A few weeks ago, analysts predicted FedEx’s strong Q4 results were a preview of coming attractions for when UPS reported. They weren’t wrong. UPS reported a record 22.8% surge in average daily shipping volume in Q2, fueled by massive ecommerce growth, and a 65% increase in shipments to consumers, nearly 70% of total volume.
USPS Postmaster General Louis DeJoy doubled down on the need for greater efficiency and performance, while enacting new measures. Also, the USPS reached an agreement in principle to receive a $10 billion loan from the U.S. Department of the Treasury under the CARES act, and created for the first time a loyalty program.
This month, FedEx Express installed four robotic arms inside a sortation hub in its hometown of Memphis, in response to demands placed on its services in the midst of the massive pandemic-influenced surge in ecommerce orders. Yaskawa America supplied the robotic arms and Plus One provided the software system.
What do major changes at USPS mean for thousands of businesses that rely on it daily for parcel delivery, as well as giants like UPS, FedEx and Amazon? How will these changes affect SLAs and CSAT? We discuss these issues with Cathy Roberson, founder and president of Logistics Trends and Insights on our latest MCM podcast.
It took FedEx less than a week to react to UPS’s new COVID-19-related peak surcharges by rolling out its own new fee schedule to cover additional volume-related costs, with a couple wrinkles separating the two plans and no end date specified, again impacting large-volume shippers. The new charges went into effect June 8, with no end date.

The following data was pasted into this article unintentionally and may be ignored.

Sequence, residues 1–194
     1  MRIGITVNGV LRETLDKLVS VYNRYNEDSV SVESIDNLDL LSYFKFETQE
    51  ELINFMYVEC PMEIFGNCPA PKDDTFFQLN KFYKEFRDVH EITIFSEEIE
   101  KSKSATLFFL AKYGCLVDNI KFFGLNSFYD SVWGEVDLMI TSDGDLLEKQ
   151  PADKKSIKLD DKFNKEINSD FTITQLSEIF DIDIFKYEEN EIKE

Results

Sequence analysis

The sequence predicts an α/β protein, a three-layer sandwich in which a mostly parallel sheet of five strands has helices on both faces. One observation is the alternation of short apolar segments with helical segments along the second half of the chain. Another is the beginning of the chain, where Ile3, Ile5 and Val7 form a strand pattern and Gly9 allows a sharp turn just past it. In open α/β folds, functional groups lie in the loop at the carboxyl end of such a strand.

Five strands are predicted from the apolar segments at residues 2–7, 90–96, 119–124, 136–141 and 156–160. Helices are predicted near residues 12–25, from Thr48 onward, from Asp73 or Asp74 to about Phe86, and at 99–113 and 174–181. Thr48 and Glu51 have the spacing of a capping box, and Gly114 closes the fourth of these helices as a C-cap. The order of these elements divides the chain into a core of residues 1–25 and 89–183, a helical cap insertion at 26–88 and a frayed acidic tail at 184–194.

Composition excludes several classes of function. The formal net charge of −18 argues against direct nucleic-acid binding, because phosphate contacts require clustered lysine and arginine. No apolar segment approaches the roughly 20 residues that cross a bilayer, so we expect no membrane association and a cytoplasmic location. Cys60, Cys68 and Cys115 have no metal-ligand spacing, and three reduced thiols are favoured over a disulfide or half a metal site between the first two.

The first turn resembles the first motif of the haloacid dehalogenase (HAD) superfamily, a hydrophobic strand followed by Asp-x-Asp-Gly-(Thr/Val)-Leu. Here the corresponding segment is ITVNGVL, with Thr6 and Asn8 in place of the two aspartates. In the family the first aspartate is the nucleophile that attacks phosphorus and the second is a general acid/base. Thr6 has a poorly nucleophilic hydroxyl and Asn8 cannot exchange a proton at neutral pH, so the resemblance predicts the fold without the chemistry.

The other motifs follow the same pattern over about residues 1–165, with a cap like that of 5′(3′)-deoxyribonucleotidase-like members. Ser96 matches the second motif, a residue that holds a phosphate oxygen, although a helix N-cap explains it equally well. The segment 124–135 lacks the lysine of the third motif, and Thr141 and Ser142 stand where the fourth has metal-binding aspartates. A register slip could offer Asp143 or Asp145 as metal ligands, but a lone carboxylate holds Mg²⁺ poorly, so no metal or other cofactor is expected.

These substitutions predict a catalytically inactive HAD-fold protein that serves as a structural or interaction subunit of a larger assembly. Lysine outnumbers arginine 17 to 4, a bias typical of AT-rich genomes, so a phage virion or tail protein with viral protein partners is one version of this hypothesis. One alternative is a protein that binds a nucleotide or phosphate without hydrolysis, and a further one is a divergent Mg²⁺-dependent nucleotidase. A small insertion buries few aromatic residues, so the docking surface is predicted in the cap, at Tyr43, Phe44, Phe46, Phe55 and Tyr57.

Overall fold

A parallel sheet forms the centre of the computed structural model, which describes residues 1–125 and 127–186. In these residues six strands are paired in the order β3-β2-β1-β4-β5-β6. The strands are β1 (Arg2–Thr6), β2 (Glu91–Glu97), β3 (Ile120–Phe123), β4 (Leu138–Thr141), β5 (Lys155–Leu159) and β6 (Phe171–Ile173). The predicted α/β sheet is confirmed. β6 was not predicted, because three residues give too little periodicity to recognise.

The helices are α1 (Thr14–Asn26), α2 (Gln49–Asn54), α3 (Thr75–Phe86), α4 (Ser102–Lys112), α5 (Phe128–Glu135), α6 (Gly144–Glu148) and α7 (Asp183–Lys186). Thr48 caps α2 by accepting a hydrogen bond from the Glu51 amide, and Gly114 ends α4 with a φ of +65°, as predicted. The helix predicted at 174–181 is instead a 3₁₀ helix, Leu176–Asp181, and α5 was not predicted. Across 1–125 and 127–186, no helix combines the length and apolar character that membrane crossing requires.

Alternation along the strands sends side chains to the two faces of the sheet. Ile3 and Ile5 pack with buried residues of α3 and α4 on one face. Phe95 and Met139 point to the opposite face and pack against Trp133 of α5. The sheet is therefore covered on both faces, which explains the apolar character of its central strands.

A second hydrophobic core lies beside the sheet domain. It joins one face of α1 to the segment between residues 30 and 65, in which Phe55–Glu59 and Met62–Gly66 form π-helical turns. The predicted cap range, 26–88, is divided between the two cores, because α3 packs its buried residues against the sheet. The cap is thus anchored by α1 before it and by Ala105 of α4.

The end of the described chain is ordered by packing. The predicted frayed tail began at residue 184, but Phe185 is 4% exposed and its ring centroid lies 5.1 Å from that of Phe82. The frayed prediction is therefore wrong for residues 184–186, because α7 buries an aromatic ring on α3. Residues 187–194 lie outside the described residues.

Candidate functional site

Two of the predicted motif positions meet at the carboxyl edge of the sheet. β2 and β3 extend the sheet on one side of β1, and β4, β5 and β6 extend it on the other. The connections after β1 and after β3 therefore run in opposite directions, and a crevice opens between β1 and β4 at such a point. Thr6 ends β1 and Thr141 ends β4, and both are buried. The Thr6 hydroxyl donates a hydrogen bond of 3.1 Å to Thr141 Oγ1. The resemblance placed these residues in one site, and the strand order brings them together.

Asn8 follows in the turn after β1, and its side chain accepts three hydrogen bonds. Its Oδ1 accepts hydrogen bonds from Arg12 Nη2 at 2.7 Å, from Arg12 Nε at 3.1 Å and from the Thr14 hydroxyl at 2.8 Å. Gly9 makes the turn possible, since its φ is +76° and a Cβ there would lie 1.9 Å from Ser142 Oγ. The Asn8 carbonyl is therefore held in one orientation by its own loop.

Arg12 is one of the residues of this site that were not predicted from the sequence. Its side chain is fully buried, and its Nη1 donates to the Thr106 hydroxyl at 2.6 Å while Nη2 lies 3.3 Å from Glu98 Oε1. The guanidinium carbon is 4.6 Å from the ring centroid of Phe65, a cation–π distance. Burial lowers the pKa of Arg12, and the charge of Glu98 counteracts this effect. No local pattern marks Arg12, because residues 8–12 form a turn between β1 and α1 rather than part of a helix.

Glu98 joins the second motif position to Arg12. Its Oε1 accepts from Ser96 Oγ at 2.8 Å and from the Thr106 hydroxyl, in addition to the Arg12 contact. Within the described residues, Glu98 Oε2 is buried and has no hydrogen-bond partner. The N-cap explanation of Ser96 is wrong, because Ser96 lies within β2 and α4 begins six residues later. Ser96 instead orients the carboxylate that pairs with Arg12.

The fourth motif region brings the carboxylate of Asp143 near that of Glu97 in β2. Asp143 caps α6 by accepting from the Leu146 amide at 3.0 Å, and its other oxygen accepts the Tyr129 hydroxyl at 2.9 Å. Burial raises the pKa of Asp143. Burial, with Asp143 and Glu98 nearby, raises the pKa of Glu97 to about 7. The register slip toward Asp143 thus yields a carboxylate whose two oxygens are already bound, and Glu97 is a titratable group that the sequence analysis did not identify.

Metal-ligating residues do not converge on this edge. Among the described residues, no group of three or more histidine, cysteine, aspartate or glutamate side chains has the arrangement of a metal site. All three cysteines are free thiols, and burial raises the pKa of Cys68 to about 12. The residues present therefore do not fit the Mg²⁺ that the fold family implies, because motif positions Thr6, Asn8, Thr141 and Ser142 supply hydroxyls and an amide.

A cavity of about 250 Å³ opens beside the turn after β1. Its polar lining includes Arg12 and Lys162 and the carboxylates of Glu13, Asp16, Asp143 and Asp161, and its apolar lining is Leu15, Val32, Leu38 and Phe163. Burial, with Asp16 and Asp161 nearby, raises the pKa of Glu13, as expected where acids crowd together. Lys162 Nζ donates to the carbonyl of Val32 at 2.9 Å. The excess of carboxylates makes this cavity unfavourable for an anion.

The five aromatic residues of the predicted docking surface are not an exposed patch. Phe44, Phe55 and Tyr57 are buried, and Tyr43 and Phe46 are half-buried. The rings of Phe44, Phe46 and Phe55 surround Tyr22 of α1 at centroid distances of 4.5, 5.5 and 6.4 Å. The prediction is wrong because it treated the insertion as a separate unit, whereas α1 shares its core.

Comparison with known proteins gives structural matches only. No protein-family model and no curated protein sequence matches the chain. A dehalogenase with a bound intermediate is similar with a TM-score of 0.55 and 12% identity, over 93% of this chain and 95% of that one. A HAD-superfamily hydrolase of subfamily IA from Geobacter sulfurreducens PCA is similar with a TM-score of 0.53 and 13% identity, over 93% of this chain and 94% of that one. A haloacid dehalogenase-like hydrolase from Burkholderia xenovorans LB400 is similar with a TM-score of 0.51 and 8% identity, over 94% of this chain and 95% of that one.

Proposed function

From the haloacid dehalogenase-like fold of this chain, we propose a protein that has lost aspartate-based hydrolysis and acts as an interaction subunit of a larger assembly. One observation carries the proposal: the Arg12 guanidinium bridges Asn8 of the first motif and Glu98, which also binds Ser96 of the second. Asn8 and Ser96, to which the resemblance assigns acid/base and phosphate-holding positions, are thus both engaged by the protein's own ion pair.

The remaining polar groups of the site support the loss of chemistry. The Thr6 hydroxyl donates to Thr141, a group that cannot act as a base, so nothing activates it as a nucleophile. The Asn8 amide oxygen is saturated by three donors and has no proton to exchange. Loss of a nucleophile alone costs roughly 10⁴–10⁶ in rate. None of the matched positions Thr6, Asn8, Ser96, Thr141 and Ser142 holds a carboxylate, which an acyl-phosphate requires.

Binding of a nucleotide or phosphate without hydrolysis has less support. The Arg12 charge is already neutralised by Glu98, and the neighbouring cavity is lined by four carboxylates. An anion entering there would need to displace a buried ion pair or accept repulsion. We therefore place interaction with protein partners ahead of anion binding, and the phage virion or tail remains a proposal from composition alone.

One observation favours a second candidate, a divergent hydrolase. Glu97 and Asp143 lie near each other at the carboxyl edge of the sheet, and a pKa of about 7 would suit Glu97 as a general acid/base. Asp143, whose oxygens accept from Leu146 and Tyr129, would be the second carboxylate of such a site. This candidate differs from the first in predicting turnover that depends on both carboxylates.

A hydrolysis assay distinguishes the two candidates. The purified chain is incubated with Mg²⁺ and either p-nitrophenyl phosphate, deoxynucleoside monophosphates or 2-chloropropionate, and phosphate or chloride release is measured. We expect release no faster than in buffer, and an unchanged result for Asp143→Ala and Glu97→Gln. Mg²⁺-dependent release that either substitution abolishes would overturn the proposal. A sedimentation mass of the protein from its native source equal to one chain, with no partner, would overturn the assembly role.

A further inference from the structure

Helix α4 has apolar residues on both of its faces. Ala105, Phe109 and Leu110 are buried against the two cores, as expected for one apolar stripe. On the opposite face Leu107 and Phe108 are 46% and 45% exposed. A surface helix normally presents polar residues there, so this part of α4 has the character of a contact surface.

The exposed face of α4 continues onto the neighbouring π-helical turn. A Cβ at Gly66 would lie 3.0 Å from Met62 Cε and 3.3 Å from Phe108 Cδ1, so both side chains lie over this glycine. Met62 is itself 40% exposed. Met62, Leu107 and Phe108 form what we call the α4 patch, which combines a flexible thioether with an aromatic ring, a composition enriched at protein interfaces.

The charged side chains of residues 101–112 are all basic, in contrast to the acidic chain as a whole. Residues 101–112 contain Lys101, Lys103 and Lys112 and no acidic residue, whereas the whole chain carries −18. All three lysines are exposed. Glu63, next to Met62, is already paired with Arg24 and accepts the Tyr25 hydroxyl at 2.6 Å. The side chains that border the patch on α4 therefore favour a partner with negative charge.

UPS, facing massive volumes akin to the holiday season due to COVID-19’s impact on ecommerce, is imposing surcharges on larger-volume shippers and those sending bulkier items as of May 31 to offset its costs, impacting companies already reeling from the crisis. Experts agree they expect to see FedEx follow suit shortly.
Amazon is in advanced talks to acquire self-driving car startup Zoox as it looks to expand its autonomous vehicle capabilities to address massive delivery costs, according to the Wall Street Journal. It has already invested heavily in autonomous technology, contributing to funding rounds for Aurora Innovation and Rivian Automotive LLC.
Amazon Air is projected to have 200 cargo jets in its fleet by 2027 or 2028, bringing it close to parity with UPS if the latter doesn’t expand significantly, according to a study from DePaul University. The study said Amazon Air has grown to 42 planes since its launch in 2016, with plans to expand to 70 by 2021, putting it on par with DHL.
Now that it’s detached itself from Amazon, FedEx has entered into a multiyear agreement with Amazon’s cloud computing rival Microsoft, with the first offering using the latter’s real-time intelligence capabilities to provide FedEx shippers with greater visibility into transit time issues. Other solutions will be announced later this year.
Here Technologies, a provider of location and mapping solutions for companies worldwide including UPS and FedEx, has created a free navigation app to help SMBs flipping to ecommerce optimize delivery routes by providing turn-by-turn navigation for multiple stop routes. The app has been tested by restaurants in Australia.